Having read all this earthy language, I admit to a bit of prudery, or at least restraint. I never heard vulgarities in my home as a child, and even during my lengthy military career I never adopted them, though they were all around me.
To me they were a weakness, a crude indulgence, that helped to separate the refined from the coarse. Within my family they were never permitted, and to acquire such habits ran the risk of speaking them in front of my parents. Who were not Christian fundamentalists, BTW, or anything like that, but simply cultivated people who couldn't ever say such things.
One time, returning from a vacation on Cape Cod, my parents let me drive their huge Chrysler Imperial back home. It was my first year with a license, a great privilege they gave me with this very expensive car, and the safety of my parents and my sister.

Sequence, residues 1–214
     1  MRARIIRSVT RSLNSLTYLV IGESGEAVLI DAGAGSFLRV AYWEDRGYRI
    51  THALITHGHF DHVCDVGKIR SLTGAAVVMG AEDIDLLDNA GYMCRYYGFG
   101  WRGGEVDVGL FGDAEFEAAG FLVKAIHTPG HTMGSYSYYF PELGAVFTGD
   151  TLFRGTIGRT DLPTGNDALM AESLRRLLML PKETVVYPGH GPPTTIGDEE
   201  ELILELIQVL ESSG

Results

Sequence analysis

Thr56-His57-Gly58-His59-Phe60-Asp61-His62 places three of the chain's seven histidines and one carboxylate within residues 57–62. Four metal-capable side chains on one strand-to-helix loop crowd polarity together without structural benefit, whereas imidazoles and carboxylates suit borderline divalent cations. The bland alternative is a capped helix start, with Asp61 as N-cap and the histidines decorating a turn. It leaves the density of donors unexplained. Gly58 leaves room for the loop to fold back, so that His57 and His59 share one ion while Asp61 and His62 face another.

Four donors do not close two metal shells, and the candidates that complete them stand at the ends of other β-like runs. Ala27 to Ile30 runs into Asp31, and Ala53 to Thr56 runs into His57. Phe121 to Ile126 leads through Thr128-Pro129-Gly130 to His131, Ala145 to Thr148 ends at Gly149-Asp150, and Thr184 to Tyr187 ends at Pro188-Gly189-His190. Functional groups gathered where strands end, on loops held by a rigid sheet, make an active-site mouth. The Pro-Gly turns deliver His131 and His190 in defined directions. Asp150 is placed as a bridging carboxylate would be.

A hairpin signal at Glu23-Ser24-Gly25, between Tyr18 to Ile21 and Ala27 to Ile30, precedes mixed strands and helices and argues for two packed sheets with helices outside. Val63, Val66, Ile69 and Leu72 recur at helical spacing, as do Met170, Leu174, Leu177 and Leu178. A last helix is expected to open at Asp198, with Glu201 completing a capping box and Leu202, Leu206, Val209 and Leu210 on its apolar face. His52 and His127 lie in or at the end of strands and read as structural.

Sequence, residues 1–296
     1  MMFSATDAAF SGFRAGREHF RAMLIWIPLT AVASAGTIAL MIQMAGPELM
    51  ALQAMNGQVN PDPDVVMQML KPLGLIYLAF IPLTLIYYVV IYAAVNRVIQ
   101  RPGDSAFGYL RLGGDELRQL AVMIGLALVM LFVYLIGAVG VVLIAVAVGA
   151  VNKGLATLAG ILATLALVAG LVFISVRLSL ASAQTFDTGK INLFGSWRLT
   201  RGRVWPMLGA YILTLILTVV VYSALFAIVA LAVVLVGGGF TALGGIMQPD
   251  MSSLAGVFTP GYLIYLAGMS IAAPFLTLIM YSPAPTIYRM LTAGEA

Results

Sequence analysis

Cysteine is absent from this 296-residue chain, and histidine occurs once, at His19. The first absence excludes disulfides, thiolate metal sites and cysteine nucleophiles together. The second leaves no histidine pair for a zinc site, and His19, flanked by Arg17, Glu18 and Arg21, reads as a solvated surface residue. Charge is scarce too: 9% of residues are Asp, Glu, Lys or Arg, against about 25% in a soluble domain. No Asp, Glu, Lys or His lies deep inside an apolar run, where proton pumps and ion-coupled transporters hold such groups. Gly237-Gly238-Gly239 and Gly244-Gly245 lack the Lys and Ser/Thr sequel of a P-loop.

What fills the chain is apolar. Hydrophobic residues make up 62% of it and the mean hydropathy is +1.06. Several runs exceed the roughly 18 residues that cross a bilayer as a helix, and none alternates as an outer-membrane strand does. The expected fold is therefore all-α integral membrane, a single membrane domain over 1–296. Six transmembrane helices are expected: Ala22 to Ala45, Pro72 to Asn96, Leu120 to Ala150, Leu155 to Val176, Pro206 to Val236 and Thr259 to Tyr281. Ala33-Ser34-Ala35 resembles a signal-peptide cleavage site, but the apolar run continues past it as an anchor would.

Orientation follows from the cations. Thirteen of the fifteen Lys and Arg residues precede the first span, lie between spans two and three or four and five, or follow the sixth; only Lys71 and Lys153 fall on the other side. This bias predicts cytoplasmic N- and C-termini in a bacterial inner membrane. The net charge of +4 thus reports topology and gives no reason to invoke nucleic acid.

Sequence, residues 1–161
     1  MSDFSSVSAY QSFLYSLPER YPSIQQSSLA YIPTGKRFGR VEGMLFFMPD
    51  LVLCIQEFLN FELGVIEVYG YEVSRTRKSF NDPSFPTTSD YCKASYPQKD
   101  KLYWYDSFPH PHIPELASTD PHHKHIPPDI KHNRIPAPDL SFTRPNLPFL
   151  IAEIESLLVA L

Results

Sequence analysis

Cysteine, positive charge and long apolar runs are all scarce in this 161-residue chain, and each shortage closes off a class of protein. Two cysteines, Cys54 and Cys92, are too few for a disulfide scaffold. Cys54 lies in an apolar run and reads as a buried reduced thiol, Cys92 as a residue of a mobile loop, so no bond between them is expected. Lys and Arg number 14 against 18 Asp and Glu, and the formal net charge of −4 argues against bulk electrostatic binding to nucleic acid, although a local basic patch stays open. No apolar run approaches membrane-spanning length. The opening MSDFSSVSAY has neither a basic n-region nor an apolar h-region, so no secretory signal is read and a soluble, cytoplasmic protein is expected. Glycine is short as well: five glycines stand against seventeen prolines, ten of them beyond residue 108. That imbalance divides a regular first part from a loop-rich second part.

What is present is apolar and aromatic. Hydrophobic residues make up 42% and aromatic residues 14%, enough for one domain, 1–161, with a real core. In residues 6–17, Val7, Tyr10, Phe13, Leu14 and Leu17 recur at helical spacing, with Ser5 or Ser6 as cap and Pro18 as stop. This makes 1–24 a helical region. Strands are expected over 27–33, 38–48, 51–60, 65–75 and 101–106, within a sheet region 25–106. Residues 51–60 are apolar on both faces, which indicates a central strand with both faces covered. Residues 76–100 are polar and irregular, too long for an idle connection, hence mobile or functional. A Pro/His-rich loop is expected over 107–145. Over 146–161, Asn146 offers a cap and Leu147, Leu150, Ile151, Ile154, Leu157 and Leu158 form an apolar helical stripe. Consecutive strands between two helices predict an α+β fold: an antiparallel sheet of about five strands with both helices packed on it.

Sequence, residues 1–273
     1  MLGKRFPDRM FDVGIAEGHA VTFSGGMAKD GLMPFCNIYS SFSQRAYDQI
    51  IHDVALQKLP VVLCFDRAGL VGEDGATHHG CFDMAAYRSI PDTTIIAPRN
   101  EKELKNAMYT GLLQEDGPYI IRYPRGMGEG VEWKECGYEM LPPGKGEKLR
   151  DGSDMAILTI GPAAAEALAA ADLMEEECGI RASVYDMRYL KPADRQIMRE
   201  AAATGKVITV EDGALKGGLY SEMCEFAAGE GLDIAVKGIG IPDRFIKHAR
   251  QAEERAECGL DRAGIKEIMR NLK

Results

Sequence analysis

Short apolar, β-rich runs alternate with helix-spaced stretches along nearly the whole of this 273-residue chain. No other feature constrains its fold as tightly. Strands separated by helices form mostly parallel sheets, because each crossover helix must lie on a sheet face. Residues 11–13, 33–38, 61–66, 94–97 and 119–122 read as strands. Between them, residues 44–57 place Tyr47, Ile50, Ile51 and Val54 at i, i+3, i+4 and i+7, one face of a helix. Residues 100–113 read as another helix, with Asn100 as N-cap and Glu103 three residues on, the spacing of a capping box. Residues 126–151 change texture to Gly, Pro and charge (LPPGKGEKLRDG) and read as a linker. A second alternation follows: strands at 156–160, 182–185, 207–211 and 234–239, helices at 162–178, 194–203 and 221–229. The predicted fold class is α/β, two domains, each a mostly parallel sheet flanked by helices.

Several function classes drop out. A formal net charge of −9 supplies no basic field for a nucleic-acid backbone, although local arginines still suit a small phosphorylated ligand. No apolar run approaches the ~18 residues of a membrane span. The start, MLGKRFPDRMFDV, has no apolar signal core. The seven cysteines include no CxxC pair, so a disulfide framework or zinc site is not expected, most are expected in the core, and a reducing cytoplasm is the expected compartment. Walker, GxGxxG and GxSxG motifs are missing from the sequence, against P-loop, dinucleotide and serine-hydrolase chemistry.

But the car was 2 years old, in the mid-1960s when things like brakes wore out more quickly than today. As I came to toll plazas on the Connecticut Turnpike, the brakes started to grind & scrape.
"What the hell is wrong?" I exclaimed. "The damn brakes are bad!"
Suddenly I realized there was a change in the car. Where before there was conversation, now there was silence. And the silence continued for many more miles before someone spoke again. I realized I had offended my parents.
I never said a foul or swear word in their presence again. Nor to this day do I swear like all my gay friends. Sometimes I write a word online, but not really representative of how I speak in person. As I age, more & more I accept that I am the product of my parents. Something of which I am proud and never regret.